April 21, 2011
CVS Pharmacy Inc. has agreed to pay the state $858,000 to settle a lawsuit over alleged Medicaid fraud. The retail pharmacy is paying out $17.5 million to 10 states and the federal government for allegedly overbilling Medicaid programs for prescriptions drugs. The payment will primarily be used for Medicaid restitution.
Indianapolis, Ind. -- The State of Indiana will receive more than $858,000 from CVS Pharmacy Inc. in the settlement of a whistleblower lawsuit that alleged CVS had overbilled the Medicaid program for prescription drugs, Indiana Attorney General Greg Zoeller announced today.
The settlement is Indiana’s share of a larger $17.5 million settlement CVS reached last week with 10 states and the federal government involving inflated prescription drug claims submitted to the Medicaid program for reimbursement. Under the whistleblower provisions of the False Claims Act in both state and federal law, a pharmacist in Minnesota who first raised the allegations in a private lawsuit will receive 16 percent of the CVS settlement.
“My office has sought to raise public awareness that the False Claims Act is a powerful tool to thwart fraud committed against government programs. It allows a company insider with knowledge of illegal billing practices to file a private lawsuit, into which the state or federal governments can intervene. If a company engaging in fraud later settles or pays a judgment, then the original whistleblower is entitled to a percentage of the recovery, in acknowledgement of the huge risk they took and courage they showed in exposing fraud by their employer against taxpayers,” Zoeller said.
CVS Pharmacy Inc. operates more than 7,000 retail pharmacies in the U.S. The settlement reached last week resolves allegations that CVS Pharmacy billed the wrong amounts to the Medicaid program for dual-eligible beneficiaries – that is, Medicaid beneficiaries who also have third-party prescription coverage. Pharmacies are supposed to bill the other insurer first and then submit a claim to Medicaid only for the amount of the remaining liability, usually the co-pay.
But an investigation by the states, the U.S. Department of Justice and the U.S. Department of Health and Human Services - Office of Inspector General found that CVS billed more than was allowed for certain dual-eligible claims, resulting in CVS being paid a larger reimbursement than it was entitled to. The investigation of the case by the states and federal government involved a complex analysis of billing and payment information, cross-referenced to private insurance payments.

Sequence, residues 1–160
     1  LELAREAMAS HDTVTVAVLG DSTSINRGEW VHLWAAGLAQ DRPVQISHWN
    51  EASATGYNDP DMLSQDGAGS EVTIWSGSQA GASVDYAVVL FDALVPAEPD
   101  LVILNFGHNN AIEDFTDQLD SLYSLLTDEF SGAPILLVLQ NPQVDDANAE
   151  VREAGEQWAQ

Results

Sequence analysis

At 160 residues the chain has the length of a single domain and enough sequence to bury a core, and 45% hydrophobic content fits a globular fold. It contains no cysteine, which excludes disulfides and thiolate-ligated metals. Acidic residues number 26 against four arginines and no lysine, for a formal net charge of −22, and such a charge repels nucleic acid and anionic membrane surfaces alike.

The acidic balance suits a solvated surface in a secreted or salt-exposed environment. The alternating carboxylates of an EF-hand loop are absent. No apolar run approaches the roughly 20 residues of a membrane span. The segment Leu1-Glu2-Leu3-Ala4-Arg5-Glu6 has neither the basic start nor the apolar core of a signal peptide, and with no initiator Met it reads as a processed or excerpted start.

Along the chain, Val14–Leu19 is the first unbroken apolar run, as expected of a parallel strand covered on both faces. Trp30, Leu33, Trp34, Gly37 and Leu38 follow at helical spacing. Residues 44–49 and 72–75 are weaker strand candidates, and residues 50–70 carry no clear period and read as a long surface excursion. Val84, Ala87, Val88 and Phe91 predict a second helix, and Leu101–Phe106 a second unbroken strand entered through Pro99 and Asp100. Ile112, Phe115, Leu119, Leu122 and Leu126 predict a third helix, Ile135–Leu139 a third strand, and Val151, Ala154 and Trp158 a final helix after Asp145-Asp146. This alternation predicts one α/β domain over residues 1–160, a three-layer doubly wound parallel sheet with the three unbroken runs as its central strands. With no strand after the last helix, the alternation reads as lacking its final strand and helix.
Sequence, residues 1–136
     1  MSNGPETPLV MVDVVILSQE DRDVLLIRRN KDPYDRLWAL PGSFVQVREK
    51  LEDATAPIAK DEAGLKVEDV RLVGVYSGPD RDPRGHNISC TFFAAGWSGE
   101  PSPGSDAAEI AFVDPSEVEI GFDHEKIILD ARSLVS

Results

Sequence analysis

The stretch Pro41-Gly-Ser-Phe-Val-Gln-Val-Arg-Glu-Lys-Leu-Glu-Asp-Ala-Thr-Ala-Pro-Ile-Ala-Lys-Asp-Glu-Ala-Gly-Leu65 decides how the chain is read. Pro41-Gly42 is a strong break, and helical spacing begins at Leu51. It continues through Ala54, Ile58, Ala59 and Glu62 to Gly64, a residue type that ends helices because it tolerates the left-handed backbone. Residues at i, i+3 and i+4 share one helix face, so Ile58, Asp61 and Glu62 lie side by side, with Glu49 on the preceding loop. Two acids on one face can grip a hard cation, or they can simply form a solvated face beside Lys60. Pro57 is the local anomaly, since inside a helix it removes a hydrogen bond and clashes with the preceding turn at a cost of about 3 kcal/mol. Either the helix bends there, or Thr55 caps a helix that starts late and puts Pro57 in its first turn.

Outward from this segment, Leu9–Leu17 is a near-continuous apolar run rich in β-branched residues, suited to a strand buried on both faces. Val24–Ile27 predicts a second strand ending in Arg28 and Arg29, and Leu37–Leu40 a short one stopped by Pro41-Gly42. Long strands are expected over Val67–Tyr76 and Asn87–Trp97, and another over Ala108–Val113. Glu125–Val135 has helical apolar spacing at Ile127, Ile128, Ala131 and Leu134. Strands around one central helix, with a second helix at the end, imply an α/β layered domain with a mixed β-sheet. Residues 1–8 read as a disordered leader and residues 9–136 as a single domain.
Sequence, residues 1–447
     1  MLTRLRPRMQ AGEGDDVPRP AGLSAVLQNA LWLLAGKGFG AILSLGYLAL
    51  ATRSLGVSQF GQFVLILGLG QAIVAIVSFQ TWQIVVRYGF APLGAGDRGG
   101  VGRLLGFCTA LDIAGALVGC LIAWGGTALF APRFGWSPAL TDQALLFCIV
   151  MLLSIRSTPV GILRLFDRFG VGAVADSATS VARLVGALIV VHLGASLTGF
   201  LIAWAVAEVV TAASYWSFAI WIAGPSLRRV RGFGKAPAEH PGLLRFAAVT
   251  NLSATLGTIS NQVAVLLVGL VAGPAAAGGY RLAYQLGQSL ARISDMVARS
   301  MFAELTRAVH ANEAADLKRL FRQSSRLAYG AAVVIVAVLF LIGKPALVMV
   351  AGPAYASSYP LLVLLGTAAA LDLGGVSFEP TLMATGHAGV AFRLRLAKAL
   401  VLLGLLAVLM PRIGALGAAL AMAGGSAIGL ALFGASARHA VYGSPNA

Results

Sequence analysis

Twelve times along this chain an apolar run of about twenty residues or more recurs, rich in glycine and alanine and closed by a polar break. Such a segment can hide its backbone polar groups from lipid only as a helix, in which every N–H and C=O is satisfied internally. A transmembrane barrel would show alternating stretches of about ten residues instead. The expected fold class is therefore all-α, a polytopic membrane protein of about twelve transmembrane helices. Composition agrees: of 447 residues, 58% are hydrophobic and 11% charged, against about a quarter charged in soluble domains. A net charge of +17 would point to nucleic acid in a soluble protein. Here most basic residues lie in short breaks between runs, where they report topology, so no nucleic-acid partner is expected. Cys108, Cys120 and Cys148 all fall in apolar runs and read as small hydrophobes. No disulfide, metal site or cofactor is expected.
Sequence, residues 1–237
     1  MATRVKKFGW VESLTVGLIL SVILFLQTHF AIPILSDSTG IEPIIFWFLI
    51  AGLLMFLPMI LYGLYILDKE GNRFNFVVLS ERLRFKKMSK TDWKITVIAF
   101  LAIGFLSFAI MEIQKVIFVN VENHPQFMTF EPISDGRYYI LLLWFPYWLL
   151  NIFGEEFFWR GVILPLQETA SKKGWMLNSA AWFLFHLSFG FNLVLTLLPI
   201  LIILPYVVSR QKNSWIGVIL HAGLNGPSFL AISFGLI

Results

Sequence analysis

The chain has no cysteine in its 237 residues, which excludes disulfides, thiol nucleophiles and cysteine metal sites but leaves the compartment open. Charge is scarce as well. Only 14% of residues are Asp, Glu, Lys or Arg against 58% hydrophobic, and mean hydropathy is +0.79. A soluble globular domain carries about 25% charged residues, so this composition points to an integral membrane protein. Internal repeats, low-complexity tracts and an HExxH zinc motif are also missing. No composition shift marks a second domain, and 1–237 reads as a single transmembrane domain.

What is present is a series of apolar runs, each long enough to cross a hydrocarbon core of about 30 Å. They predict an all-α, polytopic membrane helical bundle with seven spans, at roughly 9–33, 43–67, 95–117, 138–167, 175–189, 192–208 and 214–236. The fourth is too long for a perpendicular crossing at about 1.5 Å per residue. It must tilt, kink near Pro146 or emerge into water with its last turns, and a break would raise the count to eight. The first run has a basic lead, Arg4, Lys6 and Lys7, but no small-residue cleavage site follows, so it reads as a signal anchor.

Under the settlement of the civil suit, CVS will pay the federal government nearly $8 million and the 10 states more than $9.5 million combined, plus interest. The total state settlement paid to the Indiana Medicaid program will be $858,176.16, including $572,117.44 for the state’s share of Medicaid restitution and $286,058.72 for additional recoveries. CVS also agreed to sign an amended corporate integrity agreement requiring it to train employees and implement correct billing procedures concerning dual-eligible beneficiaries.
Whistleblowers can file qui tam lawsuits (pronounced “key tam”) under the False Claims Act against companies for fraud against government contracts, including defense contractors, highway contractors and pharmaceutical or health care companies. Such a case would remain sealed while the states and federal governments investigate the plaintiff’s allegations; and the court unseals it if and when the governments intervene. The whistleblower then is eligible for a percentage of any damages or settlement, usually between 15 and 30 percent of the recovery.
Since Zoeller took office in January 2009, the Indiana Attorney General's Office has participated in 14 settlements of whistleblower lawsuits against pharmaceutical companies over their illegal off-label marketing practices. In those 14 cases, Indiana has reached settlements of nearly $24 million in Medicaid restitution and additional state recoveries.
To encourage whistleblowers to file suit and in turn expose health care fraud, Zoeller’s office has raised public awareness about the False Claims Act through informational meetings, outreach to health care workers and attorneys, and a promotional handout, “Blow the Whistle on Fraud.” The effort is overseen by Deputy Attorney General Allen K. Pope, director of the Indiana Medicaid Fraud Control Unit (MFCU). Zoeller, Pope and Supervising Deputy Attorney General Steve Hunt have made several presentations about filing whistleblower lawsuits to meetings of health care employee associations, nursing students and attorneys.
Any health care or pharmaceutical workers who know about fraud and are interested in filing a whistleblower action against a company should first contact a private attorney who specializes in bringing lawsuits under the False Claims Act. There is no guarantee of the individual recovering damages; but filing a private lawsuit is a necessary step in order for states or the federal government to investigate a fraud case and intervene in court. Zoeller urges anyone interested in bringing a whistleblower action to learn more about the process by visiting his web site, www.in.gov/attorneygeneral/2807.htm
Source: Office of Indiana Attorney General Greg Zoeller